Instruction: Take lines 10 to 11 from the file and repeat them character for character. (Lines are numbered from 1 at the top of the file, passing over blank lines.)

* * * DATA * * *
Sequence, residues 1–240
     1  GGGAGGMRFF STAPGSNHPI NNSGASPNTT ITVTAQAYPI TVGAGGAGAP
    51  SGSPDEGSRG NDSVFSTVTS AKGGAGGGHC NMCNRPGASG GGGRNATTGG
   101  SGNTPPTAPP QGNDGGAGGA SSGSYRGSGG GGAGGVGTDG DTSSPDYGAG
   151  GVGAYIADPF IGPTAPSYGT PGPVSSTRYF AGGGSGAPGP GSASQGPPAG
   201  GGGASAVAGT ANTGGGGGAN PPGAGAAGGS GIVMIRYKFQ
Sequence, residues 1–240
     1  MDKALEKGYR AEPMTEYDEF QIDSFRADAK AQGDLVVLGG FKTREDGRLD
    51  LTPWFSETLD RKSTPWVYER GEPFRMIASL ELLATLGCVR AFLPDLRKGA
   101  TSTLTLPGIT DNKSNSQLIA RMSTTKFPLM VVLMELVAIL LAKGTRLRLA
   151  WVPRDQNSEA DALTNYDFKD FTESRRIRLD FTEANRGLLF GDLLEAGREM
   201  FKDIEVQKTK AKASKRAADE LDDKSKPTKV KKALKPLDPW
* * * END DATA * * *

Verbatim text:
   101  TSTLTLPGIT DNKSNSQLIA RMSTTKFPLM VVLMELVAIL LAKGTRLRLA
   151  WVPRDQNSEA DALTNYDFKD FTESRRIRLD FTEANRGLLF GDLLEAGREM